Manassas Junction, July 30, 1861

I wrote you by Dr. Jones on the 27th but know you are so anxious that I write you again. I allow no hour to pass without thinking of you. Indeed, it is impossible to allow an hour to fly without wishing to be with you and near you. You know tho without being told how dearly you are loved. You are dearer to me now than ever before. Since writing you, Dr. Piertridge[] has arrived. Man. Haden stopped at Charlottesville to see our wounded. They are all doing well except W.H. Harrison (L.C. Harrison’s son) whose arm was amputated. He is an excellent young man. He acted very bravely and was near me when he was shot. I had commanded the company to cease firing when he came to me and said, “Captain I am [] and see a Yankee. Let me shoot him.” I answered and watched him as he fired and saw his hand fly up as if the gun had rebounded. He came to me and said, “My arm is shattered.” I sent him from the field and was present when Dr. [] of Mobile placed a tourniquet upon the arm.

I would very much regret his death and hope for the best. I send a man today to Charlottesville with clothes and money for our wounded. They shall have my attention. I would pay them a visit, but Gen. Johnston will not allow an officer to leave. I rec’d my trunk from Winchester yesterday but fear I will soon have to give it up and come down to a valise and knapsack. The tone of the northern papers indicates that they will prepare another grand army and invade us again in September or October. If so, we will have a great battle which will decide the contest if we are victorious. You have no doubt seen the accounts of the newspapers of the battle and as they are full and prepared well I will not attempt one myself. It is honor enough to have been in the battle and to have done our duty. You will see a report of the 4th Ala. made by Captain Goldby as senior captain. It was prepared by Captain Tracy and is well-written. He has been appointed major in the 12th Reg. and will be a loss to the regiment. We are much in want of field officers. We will remain here for some time, and you must write me at this place as follows: Capt. D., 4th Rgt. Ala. Vols., Gen. Johnston’s division).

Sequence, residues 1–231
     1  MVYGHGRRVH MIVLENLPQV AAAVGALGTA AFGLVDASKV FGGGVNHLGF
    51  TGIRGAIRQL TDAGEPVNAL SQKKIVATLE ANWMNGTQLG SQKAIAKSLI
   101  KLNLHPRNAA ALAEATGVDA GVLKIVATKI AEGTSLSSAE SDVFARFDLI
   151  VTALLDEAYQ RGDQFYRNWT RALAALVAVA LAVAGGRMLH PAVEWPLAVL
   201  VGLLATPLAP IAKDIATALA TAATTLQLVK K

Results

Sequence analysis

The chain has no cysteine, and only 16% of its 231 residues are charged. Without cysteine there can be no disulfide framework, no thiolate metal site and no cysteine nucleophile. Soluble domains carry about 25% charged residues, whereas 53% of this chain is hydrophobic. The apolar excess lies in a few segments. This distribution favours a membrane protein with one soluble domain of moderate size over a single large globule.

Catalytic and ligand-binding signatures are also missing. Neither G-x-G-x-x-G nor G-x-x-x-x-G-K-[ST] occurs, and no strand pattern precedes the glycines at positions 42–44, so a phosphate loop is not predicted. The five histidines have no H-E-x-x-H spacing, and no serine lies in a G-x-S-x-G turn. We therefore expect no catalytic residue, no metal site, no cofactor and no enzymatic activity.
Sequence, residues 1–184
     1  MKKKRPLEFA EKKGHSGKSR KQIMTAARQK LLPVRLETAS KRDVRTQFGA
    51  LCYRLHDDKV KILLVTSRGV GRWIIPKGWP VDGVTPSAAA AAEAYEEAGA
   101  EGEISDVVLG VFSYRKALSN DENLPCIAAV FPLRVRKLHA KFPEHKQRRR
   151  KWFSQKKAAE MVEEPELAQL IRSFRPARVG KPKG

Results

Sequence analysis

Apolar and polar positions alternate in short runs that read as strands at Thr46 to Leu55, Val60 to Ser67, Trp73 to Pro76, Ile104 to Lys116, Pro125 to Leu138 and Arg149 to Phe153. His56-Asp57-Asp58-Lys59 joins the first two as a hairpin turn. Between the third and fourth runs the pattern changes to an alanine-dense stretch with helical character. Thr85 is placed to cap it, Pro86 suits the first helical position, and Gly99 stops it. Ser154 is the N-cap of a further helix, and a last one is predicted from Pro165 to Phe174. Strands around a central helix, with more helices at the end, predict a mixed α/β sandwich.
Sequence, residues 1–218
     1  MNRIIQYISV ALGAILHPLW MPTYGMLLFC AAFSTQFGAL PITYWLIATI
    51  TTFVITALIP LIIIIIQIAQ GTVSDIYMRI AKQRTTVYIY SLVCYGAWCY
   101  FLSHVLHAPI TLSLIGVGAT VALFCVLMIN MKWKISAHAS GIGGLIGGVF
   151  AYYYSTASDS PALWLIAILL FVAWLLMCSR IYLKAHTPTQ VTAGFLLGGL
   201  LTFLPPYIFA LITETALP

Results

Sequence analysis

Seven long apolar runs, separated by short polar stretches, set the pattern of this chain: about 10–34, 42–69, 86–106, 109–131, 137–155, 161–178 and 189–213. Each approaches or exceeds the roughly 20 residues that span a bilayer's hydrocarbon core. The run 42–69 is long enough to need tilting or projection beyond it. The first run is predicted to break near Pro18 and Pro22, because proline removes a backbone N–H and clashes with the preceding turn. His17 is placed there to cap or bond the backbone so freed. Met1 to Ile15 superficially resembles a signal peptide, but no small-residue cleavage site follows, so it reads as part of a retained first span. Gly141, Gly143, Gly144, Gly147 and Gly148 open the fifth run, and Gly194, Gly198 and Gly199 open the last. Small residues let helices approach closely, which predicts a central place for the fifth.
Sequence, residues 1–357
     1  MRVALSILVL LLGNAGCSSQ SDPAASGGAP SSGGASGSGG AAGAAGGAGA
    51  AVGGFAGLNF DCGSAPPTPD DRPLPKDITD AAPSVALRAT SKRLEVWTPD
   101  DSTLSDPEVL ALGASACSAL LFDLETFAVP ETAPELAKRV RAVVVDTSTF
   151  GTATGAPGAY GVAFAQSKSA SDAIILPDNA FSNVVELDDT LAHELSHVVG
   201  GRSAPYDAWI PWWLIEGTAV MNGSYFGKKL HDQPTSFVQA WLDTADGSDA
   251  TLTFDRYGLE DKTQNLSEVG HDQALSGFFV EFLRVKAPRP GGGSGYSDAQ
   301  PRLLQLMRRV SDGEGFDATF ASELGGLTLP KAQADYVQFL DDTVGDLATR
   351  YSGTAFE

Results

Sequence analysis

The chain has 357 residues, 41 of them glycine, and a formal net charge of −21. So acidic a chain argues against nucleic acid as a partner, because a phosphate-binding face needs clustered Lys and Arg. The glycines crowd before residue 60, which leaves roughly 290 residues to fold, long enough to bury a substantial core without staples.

Our regiment has been without any rations since yesterday morning. There is great scarcity consequent upon the arrival of so large an army here in the past week. We, the officers, are put to great straits as we are not furnished with rations, and we can’t get anything to buy. We had no supper nor breakfast this morning. This is quite alarming to one who has a good appetite. I am as well now as I have been and am getting used to hardships. This letter will be mailed at Charlottesville. I am expecting to hear from you today as our mail has been sent from Winchester. And now goodby my own, dearest Elodie. May God bless and keep you.

Affty and sincerely yours,

N.H.R. Dawson

July 30, 1861


4th Alabama Infantry
Residence (County): 
Dallas County, AL


Residence (County): 
Dallas County, AL


From State: 
From Municipality: 
From County: 
Prince William


To State: 
To Municipality: 
To County: 

Get in touch

  • Department of History

    220 LeConte Hall, Baldwin Street

    University of Georgia

    Athens, GA 30602-1602
  • 706-542-2053

eHistory was founded at the University of Georgia in 2011 by historians Claudio Saunt and Stephen Berry

Learn More about eHistory